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Br J Haematol. 1995 May;90(1):31-40.

Administration of rHuGM-CSF activates monocyte reactive oxygen species secretion and adhesion molecule expression in vivo in patients following high-dose chemotherapy.

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1
Department of Haematology, London Hospital Medical College.

Abstract

Microbicidal and cytocidal products of the respiratory burst and integrin adhesion molecule expression have been studied in monocytes from patients who received rHuGM-CSF during regeneration after high-dose chemotherapy. In this study, administration of rHuGM-CSF after high-dose chemotherapy significantly augmented the secretion of inducible products of the monocyte respiratory burst. Monocyte activation persisted for several weeks after the cessation of GM-CSF therapy. Under in vitro conditions that mimicked gram-negative (LPS) and gram-positive (opsonized Staphylococcus aureus) sepsis, the monocyte responded to such stimulation by exhibiting an enhanced release of hydrogen peroxide at both regeneration and several weeks later (P < 0.001). Similarly, GM-CSF administration significantly augmented the phenotypic expression of the beta 2-integrin adhesion molecules and allowed the leucocyte-specific selectin, LAM-1, and the beta 2-integrins to respond normally to inflammatory stimulation by LPS. We further present evidence that GM-CSF therapy restored the otherwise refractory status of monocytes to inflammatory stimulation that existed in those patients given chemotherapy alone. The restoration of monocyte responsiveness by GM-CSF following high-dose chemotherapy could be a potentially valuable and hitherto not described action of rHuGM-CSF on monocyte function. We conclude that administration of GM-CSF may have the potential for restoring as well as augmenting the anti-microbial and anti-tumour function of the monocyte after high-dose chemotherapy.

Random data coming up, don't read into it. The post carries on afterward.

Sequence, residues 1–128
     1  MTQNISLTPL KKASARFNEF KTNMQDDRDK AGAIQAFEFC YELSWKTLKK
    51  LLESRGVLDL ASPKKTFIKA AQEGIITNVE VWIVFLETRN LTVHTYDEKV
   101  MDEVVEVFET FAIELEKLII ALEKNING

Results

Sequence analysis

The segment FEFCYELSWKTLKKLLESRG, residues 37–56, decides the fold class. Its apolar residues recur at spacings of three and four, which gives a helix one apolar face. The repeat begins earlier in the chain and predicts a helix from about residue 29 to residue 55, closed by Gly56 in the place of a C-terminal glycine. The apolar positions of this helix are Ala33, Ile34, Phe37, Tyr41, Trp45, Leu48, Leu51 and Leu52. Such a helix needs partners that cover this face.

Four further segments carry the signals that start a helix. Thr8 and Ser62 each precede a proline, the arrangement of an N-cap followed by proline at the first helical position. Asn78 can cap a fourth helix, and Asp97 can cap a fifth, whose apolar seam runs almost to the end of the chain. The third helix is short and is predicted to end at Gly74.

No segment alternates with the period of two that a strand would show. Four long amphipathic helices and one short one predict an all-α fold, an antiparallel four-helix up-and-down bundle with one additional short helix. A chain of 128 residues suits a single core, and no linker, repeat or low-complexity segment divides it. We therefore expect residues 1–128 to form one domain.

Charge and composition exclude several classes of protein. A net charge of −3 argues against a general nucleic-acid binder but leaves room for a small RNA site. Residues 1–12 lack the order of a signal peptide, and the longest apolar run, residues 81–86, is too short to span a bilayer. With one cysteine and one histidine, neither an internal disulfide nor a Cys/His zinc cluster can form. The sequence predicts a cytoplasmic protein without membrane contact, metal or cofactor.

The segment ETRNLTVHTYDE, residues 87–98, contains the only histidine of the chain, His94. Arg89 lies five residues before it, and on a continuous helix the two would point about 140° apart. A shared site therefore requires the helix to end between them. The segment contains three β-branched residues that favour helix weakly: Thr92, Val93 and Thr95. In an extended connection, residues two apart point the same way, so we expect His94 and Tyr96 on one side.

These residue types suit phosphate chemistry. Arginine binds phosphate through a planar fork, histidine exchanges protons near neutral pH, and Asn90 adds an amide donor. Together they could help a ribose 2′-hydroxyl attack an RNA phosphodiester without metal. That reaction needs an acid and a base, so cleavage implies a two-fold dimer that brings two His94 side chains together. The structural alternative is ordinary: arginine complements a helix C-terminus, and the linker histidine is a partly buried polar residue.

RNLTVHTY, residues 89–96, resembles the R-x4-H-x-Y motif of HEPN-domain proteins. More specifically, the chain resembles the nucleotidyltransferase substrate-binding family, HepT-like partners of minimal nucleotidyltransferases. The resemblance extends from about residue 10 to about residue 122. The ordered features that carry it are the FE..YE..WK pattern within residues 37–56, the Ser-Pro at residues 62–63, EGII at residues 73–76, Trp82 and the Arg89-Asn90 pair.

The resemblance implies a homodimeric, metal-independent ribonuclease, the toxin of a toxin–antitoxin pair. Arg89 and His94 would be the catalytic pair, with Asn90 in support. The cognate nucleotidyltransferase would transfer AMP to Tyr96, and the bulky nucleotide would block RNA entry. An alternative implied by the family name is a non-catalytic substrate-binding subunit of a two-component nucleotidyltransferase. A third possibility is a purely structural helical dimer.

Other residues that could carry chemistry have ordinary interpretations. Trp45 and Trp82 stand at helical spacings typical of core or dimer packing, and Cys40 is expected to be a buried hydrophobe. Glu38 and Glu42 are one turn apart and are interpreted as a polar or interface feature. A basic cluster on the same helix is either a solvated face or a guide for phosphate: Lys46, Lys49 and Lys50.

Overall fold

[Indexed for MEDLINE]

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